All the written comments from these Community Working Groups were made available to members of the Assembly, on the Assembly app, for their consideration prior to the decision-making session on this matter. Every voice was heard, reported, and considered. There was no censoring of points of view.

Then, meeting in plenary session, members of Assembly heard advice relating to specific theological and legal matters, from those within the church specifically qualified to give this advice. A debate took place after this, during which many members of Assembly contributed their thoughts. The final proposal on marriage (Proposal 64) was adopted by a significant majority, by formal agreement after a written ballot was held.

An unconfirmed minute of the proposal which was adopted has been posted on the Assembly website, at https://uniting.church/unconfirmedminute/

A Pastoral Letter from Dr Palmer relating to this decision has been sent to all congregations and faith communities, with translations being made into eight languages other than English. The letter can be read at https://uniting.church/pastoralletter/

A video version of the message is also now available at https://vimeo.com/280896599

Past President Rev. Prof Andrew Dutney has also shared a theological reflection on unity in diversity, at https://uniting.church/a-reflection-on-the-marriage-decision/

My own reflections on this decision are offered in other posts on this blog which address specific elements of the decision:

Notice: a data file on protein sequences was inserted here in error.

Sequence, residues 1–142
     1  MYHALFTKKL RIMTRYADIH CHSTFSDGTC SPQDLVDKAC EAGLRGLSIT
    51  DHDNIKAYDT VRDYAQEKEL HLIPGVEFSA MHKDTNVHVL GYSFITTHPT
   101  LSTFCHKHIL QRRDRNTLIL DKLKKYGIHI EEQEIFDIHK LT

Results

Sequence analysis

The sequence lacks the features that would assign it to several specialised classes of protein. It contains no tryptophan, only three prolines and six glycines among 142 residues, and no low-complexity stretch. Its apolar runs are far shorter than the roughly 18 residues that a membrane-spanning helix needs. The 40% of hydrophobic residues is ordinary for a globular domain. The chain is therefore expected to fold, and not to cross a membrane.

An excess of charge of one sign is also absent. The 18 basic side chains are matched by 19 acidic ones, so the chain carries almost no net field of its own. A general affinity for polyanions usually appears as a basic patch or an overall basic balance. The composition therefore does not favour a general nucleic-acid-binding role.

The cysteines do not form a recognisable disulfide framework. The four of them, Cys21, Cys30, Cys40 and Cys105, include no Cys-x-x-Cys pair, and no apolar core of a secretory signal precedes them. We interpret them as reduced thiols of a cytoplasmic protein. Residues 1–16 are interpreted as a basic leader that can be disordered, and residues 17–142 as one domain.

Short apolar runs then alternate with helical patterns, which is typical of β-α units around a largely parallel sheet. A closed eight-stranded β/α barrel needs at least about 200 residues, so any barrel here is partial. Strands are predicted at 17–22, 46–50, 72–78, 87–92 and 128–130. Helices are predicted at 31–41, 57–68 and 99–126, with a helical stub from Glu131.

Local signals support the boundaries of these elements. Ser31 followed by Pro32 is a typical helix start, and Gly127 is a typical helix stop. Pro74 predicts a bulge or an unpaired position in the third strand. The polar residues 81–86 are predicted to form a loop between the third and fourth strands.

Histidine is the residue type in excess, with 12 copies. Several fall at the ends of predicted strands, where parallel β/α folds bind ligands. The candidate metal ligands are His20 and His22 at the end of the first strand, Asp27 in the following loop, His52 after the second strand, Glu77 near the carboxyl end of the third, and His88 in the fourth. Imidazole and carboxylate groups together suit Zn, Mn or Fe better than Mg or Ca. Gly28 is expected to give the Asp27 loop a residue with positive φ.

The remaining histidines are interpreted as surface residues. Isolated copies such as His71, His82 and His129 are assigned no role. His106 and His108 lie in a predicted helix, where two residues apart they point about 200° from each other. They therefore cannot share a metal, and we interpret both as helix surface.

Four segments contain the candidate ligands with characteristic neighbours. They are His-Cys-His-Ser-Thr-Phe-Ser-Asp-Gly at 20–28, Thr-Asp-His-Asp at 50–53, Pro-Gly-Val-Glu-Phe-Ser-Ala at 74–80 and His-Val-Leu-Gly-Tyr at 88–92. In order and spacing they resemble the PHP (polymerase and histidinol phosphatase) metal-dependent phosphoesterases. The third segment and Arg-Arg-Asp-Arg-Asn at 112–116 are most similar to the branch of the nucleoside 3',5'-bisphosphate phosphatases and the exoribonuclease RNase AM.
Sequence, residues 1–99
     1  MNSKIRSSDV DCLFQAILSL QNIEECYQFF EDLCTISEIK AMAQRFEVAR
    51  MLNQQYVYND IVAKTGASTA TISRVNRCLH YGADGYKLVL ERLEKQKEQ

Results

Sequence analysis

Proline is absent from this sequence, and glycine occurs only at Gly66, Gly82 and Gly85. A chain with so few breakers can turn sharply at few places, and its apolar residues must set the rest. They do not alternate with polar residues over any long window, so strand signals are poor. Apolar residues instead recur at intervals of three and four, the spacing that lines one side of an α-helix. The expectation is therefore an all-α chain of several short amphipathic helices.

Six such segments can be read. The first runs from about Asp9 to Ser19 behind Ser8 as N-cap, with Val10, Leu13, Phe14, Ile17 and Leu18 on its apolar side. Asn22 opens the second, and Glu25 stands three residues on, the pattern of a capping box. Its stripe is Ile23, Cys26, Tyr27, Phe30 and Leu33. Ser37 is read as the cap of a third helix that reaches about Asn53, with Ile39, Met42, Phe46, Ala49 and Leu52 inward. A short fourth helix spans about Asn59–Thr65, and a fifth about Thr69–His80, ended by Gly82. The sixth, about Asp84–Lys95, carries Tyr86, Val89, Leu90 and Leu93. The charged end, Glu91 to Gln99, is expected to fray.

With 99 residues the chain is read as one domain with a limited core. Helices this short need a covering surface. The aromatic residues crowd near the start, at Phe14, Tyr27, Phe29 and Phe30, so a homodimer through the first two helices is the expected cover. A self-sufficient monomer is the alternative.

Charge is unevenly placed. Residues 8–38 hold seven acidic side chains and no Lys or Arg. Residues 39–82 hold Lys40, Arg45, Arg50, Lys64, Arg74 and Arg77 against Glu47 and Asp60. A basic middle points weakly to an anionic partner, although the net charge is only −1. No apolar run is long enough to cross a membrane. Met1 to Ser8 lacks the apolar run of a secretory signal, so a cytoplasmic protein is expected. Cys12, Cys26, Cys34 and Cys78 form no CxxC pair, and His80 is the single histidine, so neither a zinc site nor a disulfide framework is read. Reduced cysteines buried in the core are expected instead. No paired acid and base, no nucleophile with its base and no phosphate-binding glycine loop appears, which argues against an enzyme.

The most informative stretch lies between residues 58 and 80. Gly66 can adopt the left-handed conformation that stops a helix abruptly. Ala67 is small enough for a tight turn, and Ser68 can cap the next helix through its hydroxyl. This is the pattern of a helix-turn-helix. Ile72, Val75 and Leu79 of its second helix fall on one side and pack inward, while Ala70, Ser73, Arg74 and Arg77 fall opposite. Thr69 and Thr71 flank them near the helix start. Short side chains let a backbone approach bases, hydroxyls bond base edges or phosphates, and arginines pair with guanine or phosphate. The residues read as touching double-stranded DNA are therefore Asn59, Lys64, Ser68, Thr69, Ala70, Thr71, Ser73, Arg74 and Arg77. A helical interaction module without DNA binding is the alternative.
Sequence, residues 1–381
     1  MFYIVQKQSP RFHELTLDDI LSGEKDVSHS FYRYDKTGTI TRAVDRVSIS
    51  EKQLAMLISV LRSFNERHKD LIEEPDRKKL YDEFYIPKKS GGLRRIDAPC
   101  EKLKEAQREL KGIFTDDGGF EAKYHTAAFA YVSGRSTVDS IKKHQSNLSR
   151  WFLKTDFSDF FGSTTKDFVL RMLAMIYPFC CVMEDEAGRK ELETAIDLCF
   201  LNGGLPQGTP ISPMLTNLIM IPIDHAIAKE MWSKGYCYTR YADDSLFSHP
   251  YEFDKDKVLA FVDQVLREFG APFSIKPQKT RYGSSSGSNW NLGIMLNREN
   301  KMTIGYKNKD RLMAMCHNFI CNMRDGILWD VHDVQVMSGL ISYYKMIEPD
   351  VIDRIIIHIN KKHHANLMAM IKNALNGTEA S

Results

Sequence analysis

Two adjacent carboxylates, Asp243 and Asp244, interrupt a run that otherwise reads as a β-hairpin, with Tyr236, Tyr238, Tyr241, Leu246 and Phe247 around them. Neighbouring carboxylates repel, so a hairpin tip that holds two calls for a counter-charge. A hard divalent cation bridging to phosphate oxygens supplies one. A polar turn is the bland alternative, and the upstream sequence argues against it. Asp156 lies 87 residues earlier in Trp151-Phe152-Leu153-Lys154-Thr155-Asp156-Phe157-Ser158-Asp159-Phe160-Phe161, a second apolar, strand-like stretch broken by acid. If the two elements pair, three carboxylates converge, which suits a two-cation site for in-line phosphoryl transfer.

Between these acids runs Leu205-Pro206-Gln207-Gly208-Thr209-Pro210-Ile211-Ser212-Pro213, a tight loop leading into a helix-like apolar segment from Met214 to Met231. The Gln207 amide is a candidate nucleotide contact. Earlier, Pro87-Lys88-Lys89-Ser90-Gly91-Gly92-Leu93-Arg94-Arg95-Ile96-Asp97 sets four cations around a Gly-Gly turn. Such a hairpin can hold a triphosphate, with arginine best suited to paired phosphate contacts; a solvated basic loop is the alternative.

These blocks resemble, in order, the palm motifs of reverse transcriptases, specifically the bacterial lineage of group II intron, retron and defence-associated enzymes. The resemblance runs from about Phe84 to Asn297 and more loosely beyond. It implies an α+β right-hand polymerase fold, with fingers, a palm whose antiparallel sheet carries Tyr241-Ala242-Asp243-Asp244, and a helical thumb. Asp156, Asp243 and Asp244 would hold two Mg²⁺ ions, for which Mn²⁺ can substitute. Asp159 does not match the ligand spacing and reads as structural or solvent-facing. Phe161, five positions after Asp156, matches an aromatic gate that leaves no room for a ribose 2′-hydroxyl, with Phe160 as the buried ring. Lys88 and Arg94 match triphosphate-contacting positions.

Fresh words and deeds

The Word of God, Scripture, and Jesus Christ

Marrying same-gender people: a biblical rationale

In summary, I believe that it is perfectly possible for faithful followers of Jesus, living in the 21st century, to hold to the view that the marriage of same-gender people can be justified theologically in terms of how we understand and express our faith), biblically (in terms of how we read and interpret the scriptures), and pastorally (in terms of how we live out our faith as a welcoming, inclusive community of faith, demonstrating the grace of God in our common life).

I believe that coming to this decision was a process through which members of Assembly engaged their hearts, minds, and spirits, their ears and their voices, in prayerful discernment of this issue. We were seeking to make a decision that was consistent with our commitment to an informed faith (as the Basis of Union declares), and so, we listened to voices of science, psychology, sociology, legal studies, theology, biblical studies, and more. The outcome provides a clear way by which we can now confess the Lord in fresh words and deeds (again, quoting the Basis of Union).

Author: John T Squires

My name is John Squires. I live in the Australian Capital Territory. I have been an active participant in the Uniting Church in Australia (UCA) since it was formed in 1977, and was ordained as a Minister of the Word in this church in 1980. I have served in rural, regional, and urban congregations and as a Presbytery Resource Minister and Intentional Interim Minister. For two decades I taught Biblical Studies at a theological college and most recently I was Director of Education and Formation and Principal of the Perth Theological Hall. I've studied the scriptures in depth; I hold a number of degrees, including a PhD in early Christian literature. I am committed to providing the best opportunities for education within the church, so that people can hold to an informed faith, which is how the UCA Basis of Union describes it. This blog is one contribution to that ongoing task.

6 thoughts on “A diversity of religious beliefs and ethical understandings”

  1. Thanks John, another helpful contribution to understanding how the Assembly made this decision – carefully, thoughtfully, prayerfully, with careful attention to due process in the room and space for grace for all to be heard who had something to say.